In RCB 19(2020), HMRC have announced that the statutory instrument (SI 1992/630) which treats supplies of cars under a salary sacrifice scheme as outside the scope of VAT will be repealed in the next 12 months. As considered in the Court of Appeal case of Northumbria NHS Trust (see, the SI allowed the Trust to treat the provision of cars to NHS workers as outside the scope of VAT, even though it could recover VAT on procuring the cars under the rules for contracted out services (COS). The RCB considers that it is only government departments and the NHS who will be affected by this change, but businesses operating salary sacrifice arrangements involving cars should satisfy themselves that the operation of their scheme does not depend on SI 1992/630. See

VAT recovery on supplies of financial and insurance services to the EU

Earlier this month, the Chancellor of the Exchequer confirmed that, with effect from 1 January 2021, businesses will be entitled to recover VAT incurred in relation to specified supplies of financial services and insurance made to counterparties outside the UK (compared to outside the EU at present), a move which is expected to allow UK businesses to recover an additional £800m of input tax each year. See This approach was originally set out in the VAT (Input Tax) (Specified Supplies) (EU Exit) (No. 2) Regulations 2019, which is expected to be the mechanism for achieving this objective. See We understand that HMRC will be issuing guidance on how the change will apply, which may address how to calculate recovery rates for VAT quarters and partial exemption years which straddle 1 January, and whether taxpayers can re-attribute input tax already incurred to future specified supplies. Any business currently making exempt supplies of financial or insurance services to EU clients should review the potential impact of this change on their partial exemption calculations.

Sonaecom: input tax recovery on aborted acquisition – CJEU

In 2005, Sonaecom incurred costs trying, unsuccessfully, to acquire Cabovisão, a Portuguese telecoms provider. The CJEU has confirmed that, on the basis that Sonaecom planned to provide management services to Cabovisão (and was not therefore a pure holding company), it could recover VAT on consultancy services as residual input tax. Complications arose, however, over VAT incurred on commission paid to BCP Bank for arranging a €150m bond placement. When the intended acquisition fell through, Sonaecom temporarily loaned the funds to its parent. This gave rise to an exempt supply to which the bank’s services were directly linked, and this actual exempt use trumped Sonaecom’s original intended use. The parent returned the funds to Sonaecom in due course to finance other acquisitions, but AG Kokott had considered that this was irrelevant, and the CJEU did not comment further on this point. Sonaecom was not entitled to recover VAT on the commission. See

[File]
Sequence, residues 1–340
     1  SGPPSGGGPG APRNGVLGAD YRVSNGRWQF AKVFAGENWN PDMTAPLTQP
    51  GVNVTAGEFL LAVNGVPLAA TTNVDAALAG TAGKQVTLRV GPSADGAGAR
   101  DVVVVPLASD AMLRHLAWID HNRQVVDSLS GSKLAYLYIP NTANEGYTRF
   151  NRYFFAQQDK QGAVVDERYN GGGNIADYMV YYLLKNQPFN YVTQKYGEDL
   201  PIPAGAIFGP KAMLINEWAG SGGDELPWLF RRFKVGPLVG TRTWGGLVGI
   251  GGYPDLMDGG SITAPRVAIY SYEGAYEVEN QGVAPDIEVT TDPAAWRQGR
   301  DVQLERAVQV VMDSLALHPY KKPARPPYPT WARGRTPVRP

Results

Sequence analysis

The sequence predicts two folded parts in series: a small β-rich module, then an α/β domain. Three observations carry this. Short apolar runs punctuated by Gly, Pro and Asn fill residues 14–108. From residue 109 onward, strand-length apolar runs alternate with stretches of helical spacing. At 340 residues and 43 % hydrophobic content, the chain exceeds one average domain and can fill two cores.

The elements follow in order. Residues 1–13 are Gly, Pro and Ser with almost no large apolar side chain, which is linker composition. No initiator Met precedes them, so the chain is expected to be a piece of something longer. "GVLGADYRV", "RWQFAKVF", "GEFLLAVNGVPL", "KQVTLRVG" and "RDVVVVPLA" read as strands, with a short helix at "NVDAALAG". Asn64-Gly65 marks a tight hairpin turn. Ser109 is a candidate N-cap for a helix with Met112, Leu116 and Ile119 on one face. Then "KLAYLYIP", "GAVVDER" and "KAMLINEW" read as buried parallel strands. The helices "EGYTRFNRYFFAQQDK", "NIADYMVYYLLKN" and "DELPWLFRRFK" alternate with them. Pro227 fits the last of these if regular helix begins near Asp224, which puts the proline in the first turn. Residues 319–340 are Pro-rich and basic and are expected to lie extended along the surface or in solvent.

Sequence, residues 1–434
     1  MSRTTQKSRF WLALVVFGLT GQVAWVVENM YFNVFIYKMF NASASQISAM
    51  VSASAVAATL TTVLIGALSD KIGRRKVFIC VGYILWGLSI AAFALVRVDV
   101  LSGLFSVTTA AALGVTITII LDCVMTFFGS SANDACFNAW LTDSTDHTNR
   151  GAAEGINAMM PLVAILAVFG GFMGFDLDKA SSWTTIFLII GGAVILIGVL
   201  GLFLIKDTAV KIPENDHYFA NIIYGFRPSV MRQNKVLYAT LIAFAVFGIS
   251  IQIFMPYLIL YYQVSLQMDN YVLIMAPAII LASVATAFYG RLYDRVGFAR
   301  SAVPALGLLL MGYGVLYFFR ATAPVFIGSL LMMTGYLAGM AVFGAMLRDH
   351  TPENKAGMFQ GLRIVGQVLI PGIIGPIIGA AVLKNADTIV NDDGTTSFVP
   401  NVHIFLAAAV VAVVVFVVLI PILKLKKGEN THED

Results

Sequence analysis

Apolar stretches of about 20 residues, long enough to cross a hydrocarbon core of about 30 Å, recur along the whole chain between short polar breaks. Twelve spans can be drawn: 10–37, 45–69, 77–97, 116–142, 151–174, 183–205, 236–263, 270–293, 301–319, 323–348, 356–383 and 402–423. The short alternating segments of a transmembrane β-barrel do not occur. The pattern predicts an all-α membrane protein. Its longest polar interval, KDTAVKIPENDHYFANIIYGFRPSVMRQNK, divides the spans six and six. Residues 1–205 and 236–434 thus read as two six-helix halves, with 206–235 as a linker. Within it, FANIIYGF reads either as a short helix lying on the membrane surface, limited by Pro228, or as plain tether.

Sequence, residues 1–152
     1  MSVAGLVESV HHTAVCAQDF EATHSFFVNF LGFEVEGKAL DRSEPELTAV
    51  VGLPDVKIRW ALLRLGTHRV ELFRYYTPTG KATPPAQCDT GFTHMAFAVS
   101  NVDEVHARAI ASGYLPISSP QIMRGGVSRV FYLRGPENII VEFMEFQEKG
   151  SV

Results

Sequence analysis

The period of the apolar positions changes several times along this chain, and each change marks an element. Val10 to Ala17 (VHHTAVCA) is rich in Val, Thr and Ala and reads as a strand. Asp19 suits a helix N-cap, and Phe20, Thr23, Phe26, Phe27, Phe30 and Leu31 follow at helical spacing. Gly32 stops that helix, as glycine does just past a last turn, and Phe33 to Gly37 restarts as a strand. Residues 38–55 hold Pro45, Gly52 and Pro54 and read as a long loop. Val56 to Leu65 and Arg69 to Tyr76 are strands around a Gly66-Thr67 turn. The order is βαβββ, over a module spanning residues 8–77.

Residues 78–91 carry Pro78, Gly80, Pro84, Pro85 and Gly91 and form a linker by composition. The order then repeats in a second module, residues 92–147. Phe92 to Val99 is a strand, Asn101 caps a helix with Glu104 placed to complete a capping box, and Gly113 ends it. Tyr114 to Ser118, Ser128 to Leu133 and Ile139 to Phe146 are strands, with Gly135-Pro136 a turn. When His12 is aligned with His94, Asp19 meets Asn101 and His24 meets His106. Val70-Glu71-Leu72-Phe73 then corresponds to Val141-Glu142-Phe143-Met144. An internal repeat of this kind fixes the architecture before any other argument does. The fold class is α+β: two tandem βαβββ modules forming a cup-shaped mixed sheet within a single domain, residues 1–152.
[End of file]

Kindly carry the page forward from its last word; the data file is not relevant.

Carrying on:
The Core (Swindon) Ltd: juice cleanse programmes are not beverages – Upper Tribunal

The Core, a cafe in Swindon, sold four-packs of freshly prepared vegetable and fruit juices as daily meal replacements (“juice cleanse programmes” or JCPs). The Upper Tribunal has now endorsed the First-tier Tribunal’s decision that liquidising the ingredients created a drink that was not a “beverage”, and that the JCPs were therefore zero-rated as supplies of food. The First-tier Tribunal’s reasoning depended partly on how the product was marketed, and the Upper Tribunal was satisfied that this was an appropriate part of the First-tier Tribunal’s multifactorial assessment (alongside factors such as taste and texture, ingredients, and manufacturing process). Marketing can be an important indicator in food liability cases (not just as a tie-breaker where there might be different ways of using food), but it does not have special significance. A beverage is a drink which might slake someone’s thirst, or might be offered as a drink to a guest. The First-tier Tribunal had been entitled to find that the JCPs were not beverages, and HMRC’s appeal was dismissed. See

Safestore: block insurance policies and self-storage – Upper Tribunal

Insurance taken out by customers using Safestore’s self-storage facilities is generally provided by its captive insurer (Assay, based in Guernsey). If Safestore was acting as Assay’s intermediary as it contended, then it might (under the rules in force at the time) have suffered no input tax restriction on this activity on the basis Assay was outside of the EU, and would only have included its commission (30% of the premium) in its partial exemption calculations. However, the Upper Tribunal has dismissed its appeal, concluding (as the First-tier Tribunal had done) that the similarities to the block insurance policy arrangements considered in Card Protection Plan were inescapable. As illustrated by its approach to Financial Services and Markets Act regulation, Safestore was providing the insurance to its customers under a block policy, and should therefore treat the entire premium as its exempt turnover. See